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your poorer brethren. I would remind the afflicted, how much the subject we have been considering is calculated to administer consolation to their troubled minds. How do all the sorrows of earth dwindle to a point, when contrasted with the glories of heaven! I would say a word to characters. If there was a sceptic within these walls, I would make him wish religion to be true; if I could suppose a profligate was here, I would compel him to abandon his course, and to forsake his vices, ere they plunge him in eternal ruin.

To the humble and consistent christian, (of whom I hope, I am addressing many,) I would offer the language of congratulation, and of encouragement; I would earnestly and affectionately intreat them to persevere in the good way they have chosen, seeing how rich a harvest awaits them.

I would even say a few words to professions. I would exhort ministers, those who labour in the christian vineyard, to do it with simplicity, with an eye to the glory of God, the interest of the Redeemer, the everlasting welfare of their fellow mortals; I would caution them never to bring into the pulpit, the dregs of indolence, the cobwebs of metaphysics, or the mazes of controversy, but to endeavour to instruct, to console, to animate their hearers, by the pure, simple, unadulterated

word of God. And I would urge on hearers to bring with them a humble and teachable spirit, when they enter the sanctuary, not to encourage a disposition to cavil, but to aim at improvement, both in knowledge and in


Finally, I would say unto all, be diligent, and endeavour to abound in every christian virtue, that ye may "shine as lights in the world, in the midst of a crooked and perverse generation;" then shall ye have reason to hope, that" an entrance shall be ministered unto you abundantly, into the glorious kingdom of our Lord and Saviour," where "the righteous shall shine as the sun," and shall be fixed as 66 pillars in the temple of God, to go out no more." "He that hath ears to hear, let him hear."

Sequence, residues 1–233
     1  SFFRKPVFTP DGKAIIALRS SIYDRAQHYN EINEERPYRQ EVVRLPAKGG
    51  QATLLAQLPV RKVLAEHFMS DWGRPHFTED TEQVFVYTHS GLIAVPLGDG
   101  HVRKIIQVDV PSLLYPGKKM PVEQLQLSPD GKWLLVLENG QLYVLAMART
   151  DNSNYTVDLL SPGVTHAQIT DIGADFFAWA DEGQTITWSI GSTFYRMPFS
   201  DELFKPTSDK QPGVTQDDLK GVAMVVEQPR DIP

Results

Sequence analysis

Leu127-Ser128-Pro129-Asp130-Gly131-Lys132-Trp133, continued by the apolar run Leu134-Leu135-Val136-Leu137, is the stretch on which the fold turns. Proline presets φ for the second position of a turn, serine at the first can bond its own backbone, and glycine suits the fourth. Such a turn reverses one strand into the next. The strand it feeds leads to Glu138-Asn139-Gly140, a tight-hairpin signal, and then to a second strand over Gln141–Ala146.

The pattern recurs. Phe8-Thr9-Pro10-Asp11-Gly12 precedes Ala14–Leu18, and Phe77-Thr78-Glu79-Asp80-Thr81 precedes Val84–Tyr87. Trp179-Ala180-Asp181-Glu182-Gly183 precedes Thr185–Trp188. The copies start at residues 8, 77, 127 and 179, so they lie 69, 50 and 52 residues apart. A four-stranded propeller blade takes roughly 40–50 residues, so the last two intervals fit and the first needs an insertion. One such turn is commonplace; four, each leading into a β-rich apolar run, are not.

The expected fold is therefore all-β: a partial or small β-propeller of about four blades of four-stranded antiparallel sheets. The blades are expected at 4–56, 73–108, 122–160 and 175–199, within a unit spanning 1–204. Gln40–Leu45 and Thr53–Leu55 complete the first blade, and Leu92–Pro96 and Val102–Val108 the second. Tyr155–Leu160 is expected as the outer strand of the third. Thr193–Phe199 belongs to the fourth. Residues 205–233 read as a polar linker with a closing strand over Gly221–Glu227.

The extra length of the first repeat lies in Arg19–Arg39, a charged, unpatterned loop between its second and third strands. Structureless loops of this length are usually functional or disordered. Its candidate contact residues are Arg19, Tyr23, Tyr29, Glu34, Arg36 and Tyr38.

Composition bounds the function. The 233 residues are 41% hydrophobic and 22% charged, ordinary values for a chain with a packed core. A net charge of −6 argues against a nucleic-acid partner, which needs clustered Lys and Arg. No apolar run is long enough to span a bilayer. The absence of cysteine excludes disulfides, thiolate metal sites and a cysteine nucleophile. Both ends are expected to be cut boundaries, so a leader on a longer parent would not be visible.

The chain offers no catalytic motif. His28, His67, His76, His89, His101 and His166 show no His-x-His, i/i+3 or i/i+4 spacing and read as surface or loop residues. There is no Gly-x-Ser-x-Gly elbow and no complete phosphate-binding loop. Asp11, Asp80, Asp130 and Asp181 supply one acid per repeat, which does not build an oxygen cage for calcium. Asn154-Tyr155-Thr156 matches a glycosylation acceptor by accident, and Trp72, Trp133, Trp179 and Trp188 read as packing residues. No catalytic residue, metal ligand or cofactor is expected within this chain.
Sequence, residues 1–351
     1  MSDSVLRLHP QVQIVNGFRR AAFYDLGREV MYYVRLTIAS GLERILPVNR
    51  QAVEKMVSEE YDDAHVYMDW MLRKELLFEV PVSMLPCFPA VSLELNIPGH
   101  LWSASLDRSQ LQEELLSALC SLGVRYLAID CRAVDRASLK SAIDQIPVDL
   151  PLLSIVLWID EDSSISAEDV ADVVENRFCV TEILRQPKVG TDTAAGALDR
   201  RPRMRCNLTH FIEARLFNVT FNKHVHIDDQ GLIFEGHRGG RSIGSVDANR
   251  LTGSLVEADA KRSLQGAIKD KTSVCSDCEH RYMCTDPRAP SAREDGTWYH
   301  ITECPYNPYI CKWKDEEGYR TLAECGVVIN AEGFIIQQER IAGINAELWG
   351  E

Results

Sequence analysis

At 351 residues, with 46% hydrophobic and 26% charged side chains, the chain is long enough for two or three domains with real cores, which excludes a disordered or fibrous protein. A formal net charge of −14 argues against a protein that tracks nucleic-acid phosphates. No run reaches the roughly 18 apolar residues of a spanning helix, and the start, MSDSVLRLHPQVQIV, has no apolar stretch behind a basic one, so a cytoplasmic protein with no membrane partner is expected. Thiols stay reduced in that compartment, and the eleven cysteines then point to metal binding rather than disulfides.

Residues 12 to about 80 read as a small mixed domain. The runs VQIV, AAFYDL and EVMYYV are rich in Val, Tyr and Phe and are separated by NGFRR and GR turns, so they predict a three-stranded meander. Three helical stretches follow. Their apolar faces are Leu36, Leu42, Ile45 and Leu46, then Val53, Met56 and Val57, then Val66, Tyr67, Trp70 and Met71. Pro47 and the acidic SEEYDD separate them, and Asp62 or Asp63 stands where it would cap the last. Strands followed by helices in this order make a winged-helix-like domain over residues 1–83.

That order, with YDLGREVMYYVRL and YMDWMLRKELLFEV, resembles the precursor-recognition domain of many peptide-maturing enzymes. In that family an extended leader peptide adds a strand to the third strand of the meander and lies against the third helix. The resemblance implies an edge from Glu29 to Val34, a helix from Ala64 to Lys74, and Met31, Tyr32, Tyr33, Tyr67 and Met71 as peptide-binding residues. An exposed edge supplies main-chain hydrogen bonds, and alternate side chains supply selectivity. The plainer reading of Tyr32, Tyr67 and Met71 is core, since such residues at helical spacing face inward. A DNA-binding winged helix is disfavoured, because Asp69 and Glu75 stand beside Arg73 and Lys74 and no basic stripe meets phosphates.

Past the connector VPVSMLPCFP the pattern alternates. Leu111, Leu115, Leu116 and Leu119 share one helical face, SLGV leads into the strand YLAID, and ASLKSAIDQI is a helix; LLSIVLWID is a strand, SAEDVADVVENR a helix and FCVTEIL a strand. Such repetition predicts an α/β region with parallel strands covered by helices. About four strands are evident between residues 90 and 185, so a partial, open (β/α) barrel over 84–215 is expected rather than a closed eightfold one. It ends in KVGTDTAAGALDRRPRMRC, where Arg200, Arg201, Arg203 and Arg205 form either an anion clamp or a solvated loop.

Howbeit, I will not take the whole kingdom out of his hand; but I will make him prince all the days of his life, for David my servant's sake, whom I chose, because he kept my commandments and my statutes.

1 KINGS Xi. 34.

THE words which I have selected as a motto for this discourse, were occasioned by a circumstance which is related in the 29th and two following verses of this chapter; the Prophet Abijah rending his new garment into twelve pieces, and giving ten of them to Jeroboam ; to signify, under this symbolic representation, the division of the tribes of Israel, ten of which should be given to Jeroboam; but

this division was not to take place during the life of Solomon; and, Why? For an affecting reason; because children often reap a benefit in this world from the piety of their parents; they will reap none in another, unless they tread in their footsteps.

A character, the history of which occupies not only many chapters, but many books in the Old Testament, can be but very slightly glanced at in one discourse. The remarks I shall offer will be comprised under four distinct heads.

I. We behold, in the life of David, a remarkable instance of diversity in outward condition.

II. We view the general good conduct he displayed in each of these situations.

III. We are led to reflect on the frailty of man when beset by passions, and overcome by strong temptation.

IV. We see the depth and efficacy of sincere repentance, the reviving power of religion, and the mercy as well as the judgments of God.

I. In the first place, we behold exemplified, in the life of David, a remarkable diversity of outward condition. Every man, in a degree, at one period of his life, treads the

valley, and at another ascends the mountain ; now basks in the sun-shine, and now encounters the storm; but few have experienced the vicissitudes which David underwent. His early years were marked with obscurity; he was a shepherd, keeping his father's flock; but he was destined to rise from that lowly office into the highest station; for he was selected by the Almighty to fill the throne of Israel. When the sons of Jesse were commanded to present themselves before Samuel, in order that the prophet might anoint one from among them; struck with the appearance of the elder brother, with his majestic figure, and his stately deportment, it was natural for him to exclaim, Surely this must be the Lord's anointed!" And had he not received a timely check, he would undoubtedly have poured the sacred oil upon his head. The figure of David was insignificant, and his youth appeared a sufficient reason for rejecting him; yet this boy, for he was little more, was enrolled in the annals of Heaven as the future monarch of Israel. 66 He was taken from the sheep-fold, and was taught to feed Jacob his people, and Israel his inheritance." We have had instances of persons in private life rising to the possession of a kingdom; but how have they done it? I believe the remark is as applicable to the last ten years,


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